|Date of Birth
||22 February 1959
|Place of Birth
||Yakima, Washington, USA
The "boy next door, if that boy spent lots of time alone in the basement," is how Rich Cohen described Kyle MacLachlan in a 1994 article for "Rolling Stone" magazine. That distinctly askew wholesomeness made MacLachlan a natural to become famous as the alter ego of twisted director David Lynch.
Born and a raised in Yakima, Washington, MacLachlan graduated from the University of Washington in 1982. The darkly handsome actor made his feature debut when he starred in the big-budget David Lynch adaptation of Frank Herbert's Dune (1984), but only enjoyed real success after appearing in a second Lynch project, the moody and perverse classic Blue Velvet (1986).
The following year saw MacLachlan appearing as an otherworldly FBI agent in the cult classic sci-fi film The Hidden (1987). This turned out to be a sign of things to come, as MacLachlan soon took on another oddball G-man, Special Agent Dale Cooper, on Lynch's cryptic ABC TV series "Twin Peaks" (1990), perhaps, along with Blue Velvet (1986), his most famous role. MacLachlan's remarkable work as Agent Cooper earned him a Golden Globe award and a pair of Emmy nominations, as well as steady work in television and films, including a part as Ray Manzarek in the Oliver Stone film The Doors (1991) and villain Cliff Vandercave in the live action version of The Flintstones (1994).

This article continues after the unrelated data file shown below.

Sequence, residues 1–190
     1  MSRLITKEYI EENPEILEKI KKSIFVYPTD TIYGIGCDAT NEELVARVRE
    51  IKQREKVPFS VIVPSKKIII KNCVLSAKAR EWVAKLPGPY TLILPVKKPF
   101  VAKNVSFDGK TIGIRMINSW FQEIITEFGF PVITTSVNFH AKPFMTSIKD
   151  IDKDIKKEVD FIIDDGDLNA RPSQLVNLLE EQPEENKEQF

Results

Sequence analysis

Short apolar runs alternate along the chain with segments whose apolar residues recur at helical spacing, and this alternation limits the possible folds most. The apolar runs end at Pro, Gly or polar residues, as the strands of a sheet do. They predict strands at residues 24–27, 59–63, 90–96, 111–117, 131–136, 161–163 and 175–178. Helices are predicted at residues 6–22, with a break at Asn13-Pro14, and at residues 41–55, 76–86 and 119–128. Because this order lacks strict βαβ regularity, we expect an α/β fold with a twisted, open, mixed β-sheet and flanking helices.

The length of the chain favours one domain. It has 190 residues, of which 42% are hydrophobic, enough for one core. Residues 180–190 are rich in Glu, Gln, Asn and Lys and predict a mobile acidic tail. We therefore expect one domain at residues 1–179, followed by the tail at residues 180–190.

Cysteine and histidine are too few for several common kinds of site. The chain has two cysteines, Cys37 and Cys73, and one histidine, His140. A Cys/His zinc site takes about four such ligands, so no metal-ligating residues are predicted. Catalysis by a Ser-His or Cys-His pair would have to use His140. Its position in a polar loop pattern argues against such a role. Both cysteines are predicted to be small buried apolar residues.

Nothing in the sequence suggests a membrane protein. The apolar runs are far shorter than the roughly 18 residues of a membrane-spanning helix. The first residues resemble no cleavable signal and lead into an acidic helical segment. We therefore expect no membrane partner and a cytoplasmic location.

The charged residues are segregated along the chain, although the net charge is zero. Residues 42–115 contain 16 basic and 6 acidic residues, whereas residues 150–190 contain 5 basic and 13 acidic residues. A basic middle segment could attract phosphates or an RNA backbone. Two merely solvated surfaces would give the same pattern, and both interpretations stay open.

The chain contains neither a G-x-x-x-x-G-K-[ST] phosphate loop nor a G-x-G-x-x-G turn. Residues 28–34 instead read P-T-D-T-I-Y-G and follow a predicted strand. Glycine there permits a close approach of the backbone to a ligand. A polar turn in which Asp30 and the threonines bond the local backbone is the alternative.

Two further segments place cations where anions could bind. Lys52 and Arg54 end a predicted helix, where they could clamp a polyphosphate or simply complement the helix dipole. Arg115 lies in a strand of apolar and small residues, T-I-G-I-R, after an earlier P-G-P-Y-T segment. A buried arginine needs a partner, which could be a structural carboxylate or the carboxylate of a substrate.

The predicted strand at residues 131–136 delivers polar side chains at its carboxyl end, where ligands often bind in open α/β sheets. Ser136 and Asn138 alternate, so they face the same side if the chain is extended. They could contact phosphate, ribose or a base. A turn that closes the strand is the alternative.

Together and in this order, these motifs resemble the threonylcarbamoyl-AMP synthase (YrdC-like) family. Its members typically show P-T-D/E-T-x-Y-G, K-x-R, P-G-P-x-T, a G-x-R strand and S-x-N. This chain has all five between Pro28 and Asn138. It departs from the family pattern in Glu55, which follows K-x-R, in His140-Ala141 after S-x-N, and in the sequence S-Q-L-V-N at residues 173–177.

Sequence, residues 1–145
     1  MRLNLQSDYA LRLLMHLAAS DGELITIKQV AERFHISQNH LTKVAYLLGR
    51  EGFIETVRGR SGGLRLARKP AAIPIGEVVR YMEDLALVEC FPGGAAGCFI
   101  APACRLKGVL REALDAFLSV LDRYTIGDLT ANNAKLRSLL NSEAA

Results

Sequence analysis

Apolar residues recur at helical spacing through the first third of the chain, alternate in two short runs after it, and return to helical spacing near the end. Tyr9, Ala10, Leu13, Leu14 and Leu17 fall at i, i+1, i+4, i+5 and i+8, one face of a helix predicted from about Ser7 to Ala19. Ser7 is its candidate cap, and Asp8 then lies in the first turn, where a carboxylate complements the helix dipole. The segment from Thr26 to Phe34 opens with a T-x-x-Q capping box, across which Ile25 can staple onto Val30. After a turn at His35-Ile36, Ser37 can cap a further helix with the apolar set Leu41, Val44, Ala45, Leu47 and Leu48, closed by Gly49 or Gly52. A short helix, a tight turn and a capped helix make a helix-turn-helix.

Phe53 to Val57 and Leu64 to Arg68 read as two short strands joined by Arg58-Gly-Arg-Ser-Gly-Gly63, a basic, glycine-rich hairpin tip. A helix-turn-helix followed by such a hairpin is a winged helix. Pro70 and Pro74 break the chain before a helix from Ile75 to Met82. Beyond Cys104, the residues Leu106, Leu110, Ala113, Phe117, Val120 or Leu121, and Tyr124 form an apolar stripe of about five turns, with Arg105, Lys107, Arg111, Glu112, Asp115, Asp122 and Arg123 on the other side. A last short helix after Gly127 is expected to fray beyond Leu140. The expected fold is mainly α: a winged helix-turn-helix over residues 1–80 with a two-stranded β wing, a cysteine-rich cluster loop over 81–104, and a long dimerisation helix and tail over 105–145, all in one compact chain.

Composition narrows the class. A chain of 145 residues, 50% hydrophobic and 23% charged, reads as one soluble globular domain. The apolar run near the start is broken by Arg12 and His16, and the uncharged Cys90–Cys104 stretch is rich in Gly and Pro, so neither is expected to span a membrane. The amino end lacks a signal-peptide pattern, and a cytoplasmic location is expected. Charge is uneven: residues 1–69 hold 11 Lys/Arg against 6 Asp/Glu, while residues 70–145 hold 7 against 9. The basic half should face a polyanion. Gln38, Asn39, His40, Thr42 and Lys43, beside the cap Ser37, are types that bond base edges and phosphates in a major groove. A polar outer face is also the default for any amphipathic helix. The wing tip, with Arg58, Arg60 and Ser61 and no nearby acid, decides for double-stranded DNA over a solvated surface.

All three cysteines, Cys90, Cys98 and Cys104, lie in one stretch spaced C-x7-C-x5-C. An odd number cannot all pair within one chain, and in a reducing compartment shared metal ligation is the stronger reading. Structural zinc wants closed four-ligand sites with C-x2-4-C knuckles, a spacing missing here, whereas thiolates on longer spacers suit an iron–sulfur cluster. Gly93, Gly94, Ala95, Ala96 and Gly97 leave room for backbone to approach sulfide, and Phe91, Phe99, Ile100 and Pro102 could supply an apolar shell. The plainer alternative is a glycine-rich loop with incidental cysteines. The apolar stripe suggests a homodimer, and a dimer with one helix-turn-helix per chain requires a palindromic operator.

His career took a hit after he appeared in the infamous flop Showgirls (1995). However, MacLachlan returned to prominence in the early 2000s with a reoccurring role on HBO's "Sex and the City" (1998), as well as a starring role in the TV movie The Spring (2000) (TV) and a turn as Claudius in director Michael Almereyda's version of Hamlet (2000). MacLachlan later took advantage of his resemblance to Cary Grant when he played the classic actor's spirit in Touch of Pink (2004).
MacLachlan has remained a popular actor with independent filmmakers, and he has also been a familiar face on television, appearing on the ABC-TV shows "In Justice" (2006) and "Desperate Housewives" (2004).